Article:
Shrugging off weeks of public criticism and acrimony, the SLO County Board of Supervisors on April 4 stood by a decision it made on March 7 but had to make again due to a lack of public noticing: to allocate millions in general funds for the purpose of subsidizing groundwater management under the Sustainable Groundwater Management Act (SGMA).
The supervisors also decided to take no action toward initiating an investigation into whether a majority of the board—supervisors John Peschong, Debbie Arnold, and Lynn Compton—violated the Brown Act by engaging in serial meetings, as a member of the public and supervisors Adam Hill and Bruce Gibson alleged.
- PHOTO BY JAYSON MELLOM
- BOARD DIVIDED: SLO County Supervisors Adam Hill (left) and Lynn Compton (right) listen to public speakers at a recent Board of Supervisors meeting. Hill and Compton landed on opposite sides of a heated groundwater policy debate and whether to welcome an investigation into alleged Brown Act violations committed by board members.
Both actions were taken by 3-2 vote, with Hill and Gibson dissenting, during a nearly six-hour public hearing on April 4. It marked a symbolic conclusion to what was a month-long period of infighting and turmoil within the county.
Confusion and outrage took hold after the board made changes on March 7 to the county’s strategy for complying with SGMA, the state law that requires management of five over-pumped water basins in SLO County. The supervisors voted to shift the estimated $6.1 million in planning costs from water basin users to the county’s general funds—a 180-degree reversal from the previous plan. Local agencies have until June to form groundwater sustainability agencies (GSA) over the basins or else the state will step in.
Residents and officials from across the county packed the board’s chambers on April 4 to weigh in on the issues.
The first item addressed Brown Act allegations, which stem from a letter submitted to the County Counsel’s Office by rural Paso Robles resident Laurie Gage that was allegedly penned by Greg Grewal, a member of the county’s Water Resources Advisory Committee (WRAC). The letter appeared to show that Grewal had knowledge in January of the supervisors’ groundwater policy preferences that ultimately played out on March 7. Grewal denies writing and signing the letter.
The board considered whether it would refer the item to the District Attorney or an outside investigator to determine if a Brown Act violation occurred.
Some members of the public favored an independent investigation and not one by DA Dan Dow, whose campaign for office Peschong managed. Others blasted the whole proposal as “a witch hunt.”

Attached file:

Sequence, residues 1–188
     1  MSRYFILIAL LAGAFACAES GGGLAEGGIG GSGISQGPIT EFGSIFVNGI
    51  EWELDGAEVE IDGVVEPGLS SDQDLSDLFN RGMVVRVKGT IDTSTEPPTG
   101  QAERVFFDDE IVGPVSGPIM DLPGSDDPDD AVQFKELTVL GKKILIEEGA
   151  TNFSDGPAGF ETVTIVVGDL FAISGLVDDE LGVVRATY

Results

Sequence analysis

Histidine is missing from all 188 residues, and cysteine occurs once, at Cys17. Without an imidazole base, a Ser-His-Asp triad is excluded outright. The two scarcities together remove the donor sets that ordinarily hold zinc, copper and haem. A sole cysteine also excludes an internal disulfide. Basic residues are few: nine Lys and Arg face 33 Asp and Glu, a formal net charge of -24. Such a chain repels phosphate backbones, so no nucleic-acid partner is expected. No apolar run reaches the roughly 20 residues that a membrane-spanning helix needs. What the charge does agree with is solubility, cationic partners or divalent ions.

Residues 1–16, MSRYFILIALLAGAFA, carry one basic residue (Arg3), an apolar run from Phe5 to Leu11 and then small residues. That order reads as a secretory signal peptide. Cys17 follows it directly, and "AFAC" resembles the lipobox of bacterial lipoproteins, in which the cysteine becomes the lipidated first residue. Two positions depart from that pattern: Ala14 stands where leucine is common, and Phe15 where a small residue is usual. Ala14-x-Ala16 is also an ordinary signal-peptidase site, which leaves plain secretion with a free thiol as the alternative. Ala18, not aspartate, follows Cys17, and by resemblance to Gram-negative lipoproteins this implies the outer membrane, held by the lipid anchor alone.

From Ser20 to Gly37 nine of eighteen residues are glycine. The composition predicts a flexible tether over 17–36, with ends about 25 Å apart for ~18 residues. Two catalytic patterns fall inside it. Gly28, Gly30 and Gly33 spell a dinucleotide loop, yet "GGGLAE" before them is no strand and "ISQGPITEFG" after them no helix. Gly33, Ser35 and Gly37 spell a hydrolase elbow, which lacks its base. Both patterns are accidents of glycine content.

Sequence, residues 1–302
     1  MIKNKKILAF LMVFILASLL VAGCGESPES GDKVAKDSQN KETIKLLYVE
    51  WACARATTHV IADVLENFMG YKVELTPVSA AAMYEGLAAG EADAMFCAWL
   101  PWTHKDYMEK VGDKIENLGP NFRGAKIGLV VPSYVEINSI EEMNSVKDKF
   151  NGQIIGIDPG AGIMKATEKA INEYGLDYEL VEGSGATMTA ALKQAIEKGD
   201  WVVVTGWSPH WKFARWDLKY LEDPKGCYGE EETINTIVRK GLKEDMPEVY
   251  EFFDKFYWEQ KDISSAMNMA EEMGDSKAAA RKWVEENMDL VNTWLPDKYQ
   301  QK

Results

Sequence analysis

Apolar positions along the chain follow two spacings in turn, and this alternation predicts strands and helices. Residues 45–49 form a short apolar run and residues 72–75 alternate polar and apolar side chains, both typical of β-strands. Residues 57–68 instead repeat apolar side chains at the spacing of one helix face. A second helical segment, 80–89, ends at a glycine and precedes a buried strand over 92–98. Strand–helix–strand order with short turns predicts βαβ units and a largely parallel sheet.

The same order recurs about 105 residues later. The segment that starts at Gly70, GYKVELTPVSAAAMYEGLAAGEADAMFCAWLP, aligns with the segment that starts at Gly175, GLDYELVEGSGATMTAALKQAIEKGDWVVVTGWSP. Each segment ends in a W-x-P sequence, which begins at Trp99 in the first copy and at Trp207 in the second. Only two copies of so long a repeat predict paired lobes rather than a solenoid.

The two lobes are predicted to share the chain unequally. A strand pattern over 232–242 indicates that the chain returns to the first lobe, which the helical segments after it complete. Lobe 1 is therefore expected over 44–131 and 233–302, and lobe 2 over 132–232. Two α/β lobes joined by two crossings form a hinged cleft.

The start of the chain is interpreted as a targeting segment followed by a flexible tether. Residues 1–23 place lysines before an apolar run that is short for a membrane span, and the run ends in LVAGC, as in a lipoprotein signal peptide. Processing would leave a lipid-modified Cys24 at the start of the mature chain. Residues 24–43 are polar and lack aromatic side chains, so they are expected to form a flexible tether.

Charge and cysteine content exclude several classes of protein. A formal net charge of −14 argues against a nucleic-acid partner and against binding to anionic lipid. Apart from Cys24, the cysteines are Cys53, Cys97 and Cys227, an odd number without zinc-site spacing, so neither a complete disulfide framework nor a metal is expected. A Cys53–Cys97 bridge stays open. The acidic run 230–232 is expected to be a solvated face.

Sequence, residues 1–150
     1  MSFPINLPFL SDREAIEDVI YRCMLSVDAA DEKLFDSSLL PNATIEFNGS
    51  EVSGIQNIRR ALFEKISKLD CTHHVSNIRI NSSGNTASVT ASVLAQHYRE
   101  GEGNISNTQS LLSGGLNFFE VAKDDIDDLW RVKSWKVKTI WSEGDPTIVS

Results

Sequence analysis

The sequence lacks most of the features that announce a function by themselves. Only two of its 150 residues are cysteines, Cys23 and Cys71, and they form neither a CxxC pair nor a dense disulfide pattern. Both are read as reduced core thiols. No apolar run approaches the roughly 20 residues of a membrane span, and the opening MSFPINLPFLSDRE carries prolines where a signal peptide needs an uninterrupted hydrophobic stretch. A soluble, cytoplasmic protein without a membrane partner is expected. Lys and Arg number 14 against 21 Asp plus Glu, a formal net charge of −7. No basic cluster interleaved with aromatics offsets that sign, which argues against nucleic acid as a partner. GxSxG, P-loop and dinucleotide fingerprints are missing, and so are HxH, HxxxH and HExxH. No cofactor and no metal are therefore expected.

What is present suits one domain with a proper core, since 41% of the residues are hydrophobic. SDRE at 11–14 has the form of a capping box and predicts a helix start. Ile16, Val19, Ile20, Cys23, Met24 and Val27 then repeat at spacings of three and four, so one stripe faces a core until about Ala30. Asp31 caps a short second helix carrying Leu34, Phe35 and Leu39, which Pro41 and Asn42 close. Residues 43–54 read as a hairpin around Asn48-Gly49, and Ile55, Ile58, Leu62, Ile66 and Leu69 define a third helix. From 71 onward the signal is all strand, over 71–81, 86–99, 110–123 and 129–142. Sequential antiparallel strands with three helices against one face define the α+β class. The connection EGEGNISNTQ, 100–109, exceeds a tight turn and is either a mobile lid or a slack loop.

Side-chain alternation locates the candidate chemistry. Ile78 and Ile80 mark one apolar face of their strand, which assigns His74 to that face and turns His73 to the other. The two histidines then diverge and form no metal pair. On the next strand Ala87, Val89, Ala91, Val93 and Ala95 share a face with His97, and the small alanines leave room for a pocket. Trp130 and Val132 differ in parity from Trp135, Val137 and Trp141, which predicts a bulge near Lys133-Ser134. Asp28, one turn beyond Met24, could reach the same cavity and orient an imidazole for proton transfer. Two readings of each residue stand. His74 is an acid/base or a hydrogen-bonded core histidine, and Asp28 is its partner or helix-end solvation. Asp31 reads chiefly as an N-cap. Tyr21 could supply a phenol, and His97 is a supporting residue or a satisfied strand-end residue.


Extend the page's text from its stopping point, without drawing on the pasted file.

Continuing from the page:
“The left is trying anything to discredit true conservatives in this county,” said San Miguel resident Randall Jordan, vice chair of the Republican Party of SLO County. “This is a conservative county—give up.”
Peschong, Arnold, and Compton all denied engaging in serial meetings with Grewal in order to arrive at a policy conclusion.
Arnold called the accusations “disappointing.” Compton said the issue was “pure politics.” And Peschong opposed spending funds on an investigation that he said would cost $100,000.
Regarding the board’s change to the SGMA policy, public officials from various cities and community services districts levied criticisms against the idea of subsidizing some groundwater users’ SGMA compliance at no proposed cost to them.
Paso Robles Mayor Steve Martin and SLO Mayor Heidi Harmon submitted separate letters to the board objecting to the new direction.
“It is unfair to use county revenues collected from Paso Robles citizens … to pay for those who do not wish to be responsible for the cost of complying,” Martin said. “It is wrong to expect Paso Robles residents to sacrifice county services so others may be relieved of their financial responsibilities.”
Harmon indicated that the change has compromised the negotiations with stakeholders over the San Luis Valley Groundwater Basin, writing that the policy “may require the SLO City Council to revisit our action to form a GSA with the county.” Harmon stated that it “completely alters the agreement cooperatively worked on by the city and county staff for over a year.”
The Oceano and Cambria community services districts also submitted letters opposing the move, while Jon-Erik Storm, president of the Los Osos Community Services District, criticized it during public comment.
Members of the WRAC, which advises the board on water policy, were also upset with the supervisors, since WRAC submitted a written request to the board on March 7 asking that it consult with the WRAC on any SGMA decisions affecting county dollars.
Ultimately, supervisors Arnold, Peschong, and Compton said it was the county’s job to “step up” and shoulder the extra costs and not risk the state stepping in to manage part or all of the local water basins.